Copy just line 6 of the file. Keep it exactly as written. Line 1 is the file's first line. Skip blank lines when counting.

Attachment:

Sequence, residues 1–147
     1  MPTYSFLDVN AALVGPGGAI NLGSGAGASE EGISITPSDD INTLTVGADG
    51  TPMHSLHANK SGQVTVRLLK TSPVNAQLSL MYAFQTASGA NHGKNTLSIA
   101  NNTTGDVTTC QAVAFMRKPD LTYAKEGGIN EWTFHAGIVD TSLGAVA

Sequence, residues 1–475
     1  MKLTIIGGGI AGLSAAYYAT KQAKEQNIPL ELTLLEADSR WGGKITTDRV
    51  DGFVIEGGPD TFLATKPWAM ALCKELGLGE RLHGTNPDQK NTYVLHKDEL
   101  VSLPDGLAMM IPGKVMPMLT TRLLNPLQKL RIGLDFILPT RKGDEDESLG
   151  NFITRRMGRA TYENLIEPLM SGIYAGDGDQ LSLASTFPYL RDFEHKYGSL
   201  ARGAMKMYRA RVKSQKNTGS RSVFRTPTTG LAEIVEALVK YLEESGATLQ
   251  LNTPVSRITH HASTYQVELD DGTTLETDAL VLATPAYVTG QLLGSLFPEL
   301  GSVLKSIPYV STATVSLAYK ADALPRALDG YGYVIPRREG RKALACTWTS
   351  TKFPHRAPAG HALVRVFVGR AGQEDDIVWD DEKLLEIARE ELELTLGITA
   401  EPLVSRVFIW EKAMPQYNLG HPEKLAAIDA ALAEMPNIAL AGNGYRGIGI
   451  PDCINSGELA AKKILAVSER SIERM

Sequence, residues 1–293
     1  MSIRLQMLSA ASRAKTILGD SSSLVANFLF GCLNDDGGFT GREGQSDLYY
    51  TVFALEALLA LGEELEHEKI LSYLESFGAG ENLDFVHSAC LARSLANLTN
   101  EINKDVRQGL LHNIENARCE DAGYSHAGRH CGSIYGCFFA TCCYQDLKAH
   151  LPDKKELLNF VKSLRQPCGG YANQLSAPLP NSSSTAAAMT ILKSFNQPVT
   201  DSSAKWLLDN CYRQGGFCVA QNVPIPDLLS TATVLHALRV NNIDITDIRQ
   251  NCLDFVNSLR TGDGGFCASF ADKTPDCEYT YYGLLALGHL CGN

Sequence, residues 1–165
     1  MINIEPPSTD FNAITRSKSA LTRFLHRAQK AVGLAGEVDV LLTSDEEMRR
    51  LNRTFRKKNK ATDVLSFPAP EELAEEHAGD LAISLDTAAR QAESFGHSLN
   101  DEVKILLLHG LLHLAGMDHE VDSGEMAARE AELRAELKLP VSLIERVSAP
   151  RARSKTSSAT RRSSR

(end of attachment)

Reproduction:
     1  MKLTIIGGGI AGLSAAYYAT KQAKEQNIPL ELTLLEADSR WGGKITTDRV